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Sunday, November 22, 2009

Badness Forever


Dr. Lester CN Simon

Show me a country where the majority of the populace comprises descendants of slaves, slave masters, and indentured workers, and where law and order is not a major problem, and Beelzebub will show you the kingdom of heaven on earth. Is there some historical element in our psyche that forces us to defy law and order? Have we inherited this inalienable right?

You can read tomes of literature on the causes of crime. You might even be a victim of crime, or worse, (or is it better?), a perpetrator of crime. You can agree with the experts, like Jamaican Dr. Bernard Headley, that the cause of all street-level crime and violence resides “in the nature of society itself, not in the mental or emotional states of its citizens”. Yet when you confront the corollary that the recipe for preventing crime would be the creation of a social-economic system that can deliver social and economic justice to all, you embrace your head in worrying doubt.

Can it be that a society that has not engaged in reconciliation and reparations for past wrongs, continues to live out the past? The foes may change but the forces of evil remain the same. How else can you explain the way we treat each other? It’s not that criminals do not know their neighbours as themselves. Indeed, they have to study them very well before executing (pardon the pun) their jobs. It’s simply, according to Dr. Headley, that the neighbour is a removable, depersonalized obstruction standing between the criminals and their prize. It’s akin to traversing a nasty pothole on route to a prime, crime destination. Fix it, for badness sake.

Another expert, Dr. Obika Gray, writes about the concept of badness-honour. He notes that defiance among the urban poor is remarkable for its preoccupation with matters of identity, honour and respect. Tie this to the treatise by Dr. Orlando Patterson that to understand slavery, we must grasp the importance of honour. He contends that slavery is a great deal more than an institution allowing property-in-people. It is “the permanent, violent domination of natally alienated and generally dishonoured persons”. “Dissing” is not new and it has always carried a heavy price. Criminals, including dons and their subjects, understand “diss”.

Badness-honour, simply put, is the idea that there is honour and respect in badness. It is the securing of power, honour and respect by use of intimidation. This intimidation may be overt or covert; covert even to the point of passive vulgarity. I recall a Jamaican who visited Antigua in the 70’s complaining to me in Jamaica how he initially found Antiguans tame and almost respectfully docile. He had passed a dread on the street and shouted, “Hail de dread”, to which the dread replied, “Goodnight Sir”.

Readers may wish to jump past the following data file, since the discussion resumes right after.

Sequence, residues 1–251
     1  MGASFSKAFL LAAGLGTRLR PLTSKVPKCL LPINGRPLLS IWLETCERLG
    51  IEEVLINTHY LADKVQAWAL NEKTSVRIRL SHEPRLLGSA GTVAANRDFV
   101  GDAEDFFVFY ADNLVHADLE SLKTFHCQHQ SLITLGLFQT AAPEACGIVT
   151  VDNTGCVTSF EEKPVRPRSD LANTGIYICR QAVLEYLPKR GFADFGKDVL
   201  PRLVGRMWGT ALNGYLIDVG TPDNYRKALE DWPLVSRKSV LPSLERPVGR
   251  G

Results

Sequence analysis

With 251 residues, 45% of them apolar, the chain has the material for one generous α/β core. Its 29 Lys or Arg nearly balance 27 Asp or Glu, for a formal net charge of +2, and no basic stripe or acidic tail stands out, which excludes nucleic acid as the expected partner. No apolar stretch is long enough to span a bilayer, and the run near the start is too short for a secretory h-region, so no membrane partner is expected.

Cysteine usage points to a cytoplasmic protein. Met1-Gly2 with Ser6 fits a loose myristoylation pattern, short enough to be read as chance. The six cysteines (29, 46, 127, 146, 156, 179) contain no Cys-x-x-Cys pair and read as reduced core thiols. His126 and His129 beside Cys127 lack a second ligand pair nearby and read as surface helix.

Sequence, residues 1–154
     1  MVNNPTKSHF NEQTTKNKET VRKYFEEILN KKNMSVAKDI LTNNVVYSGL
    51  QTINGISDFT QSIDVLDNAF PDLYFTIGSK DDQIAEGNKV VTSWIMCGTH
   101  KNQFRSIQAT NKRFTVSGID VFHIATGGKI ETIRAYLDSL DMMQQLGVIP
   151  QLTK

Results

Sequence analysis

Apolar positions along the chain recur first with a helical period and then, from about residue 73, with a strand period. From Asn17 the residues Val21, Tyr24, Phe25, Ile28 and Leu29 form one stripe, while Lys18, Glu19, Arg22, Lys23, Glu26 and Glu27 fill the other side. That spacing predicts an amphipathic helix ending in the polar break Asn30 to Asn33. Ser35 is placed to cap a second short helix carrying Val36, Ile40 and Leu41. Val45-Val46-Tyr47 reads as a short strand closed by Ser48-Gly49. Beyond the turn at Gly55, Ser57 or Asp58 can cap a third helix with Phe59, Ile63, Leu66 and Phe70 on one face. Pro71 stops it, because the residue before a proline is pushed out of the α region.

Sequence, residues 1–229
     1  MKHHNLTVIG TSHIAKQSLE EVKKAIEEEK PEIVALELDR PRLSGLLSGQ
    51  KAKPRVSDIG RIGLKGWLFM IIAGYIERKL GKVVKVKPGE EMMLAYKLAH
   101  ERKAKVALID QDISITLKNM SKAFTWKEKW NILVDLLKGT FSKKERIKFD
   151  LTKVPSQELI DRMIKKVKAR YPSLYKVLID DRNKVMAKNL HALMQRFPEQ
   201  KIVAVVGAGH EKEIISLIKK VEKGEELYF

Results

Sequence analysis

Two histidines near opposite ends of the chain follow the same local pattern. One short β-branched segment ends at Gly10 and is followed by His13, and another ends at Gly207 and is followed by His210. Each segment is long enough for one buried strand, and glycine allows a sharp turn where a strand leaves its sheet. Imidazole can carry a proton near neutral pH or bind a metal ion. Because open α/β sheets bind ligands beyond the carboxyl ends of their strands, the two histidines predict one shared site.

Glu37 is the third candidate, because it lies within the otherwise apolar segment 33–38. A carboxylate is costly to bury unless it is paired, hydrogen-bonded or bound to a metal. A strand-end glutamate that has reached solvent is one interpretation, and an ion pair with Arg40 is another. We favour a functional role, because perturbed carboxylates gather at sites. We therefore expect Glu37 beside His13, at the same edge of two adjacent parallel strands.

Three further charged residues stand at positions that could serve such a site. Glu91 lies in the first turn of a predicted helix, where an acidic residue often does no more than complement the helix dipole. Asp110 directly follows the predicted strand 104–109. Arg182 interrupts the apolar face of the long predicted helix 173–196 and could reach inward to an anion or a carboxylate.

He received the obverse, classically and uniquely Antiguan response, when he was ignorant enough to ask a saleslady (so he thought she was) in a bread shop, if she sold needle and thread. Her response was bombastic, fantastic and iconoclastic, “Arwe na sell dem subben ya”. Figuring out the dialect and the dialectic response from “the look” of her voice, he readily apologized by saying that he was a stranger who had just arrived in the island. Such a feeble admission earned him the coup de grace response, “Ana fu me fault that”.

It must be registered that badness-honour is not the currency of the vast majority of the poor, but rather, of a tiny minority. It should also be placed on record, as Dr. Gray does, that badness-honour is not a resource available only to the disadvantaged. Power holders from slave masters, to colonial authorities and party bosses in postcolonial societies have employed it.

Badness-honour can take the illusion of goodness. As my dear father told it (God rest his soul), a bank customer, who just happened to be a white English man, complained to the bank manager that my father had opened the bank door late. It was sympathetically explained to the bank manager and the English gentleman that the bank opened by, and only by, the wrist watch of my father, a timepiece that carried BBC time. Moreover, massaged my father, if he were to open the bank door by the gentleman’s time, he would be compelled, by the inimitable logic of the bank, to close the bank by the same gentleman’s time. My dear father suggested to them that for the sake of good customer service, he was not averse so to do. But, and he slowly kneaded and injected the coup de grace, he would have to go searching all over the island for the good gentleman because he had no knowledge whatsoever of where he lived. You see the problem?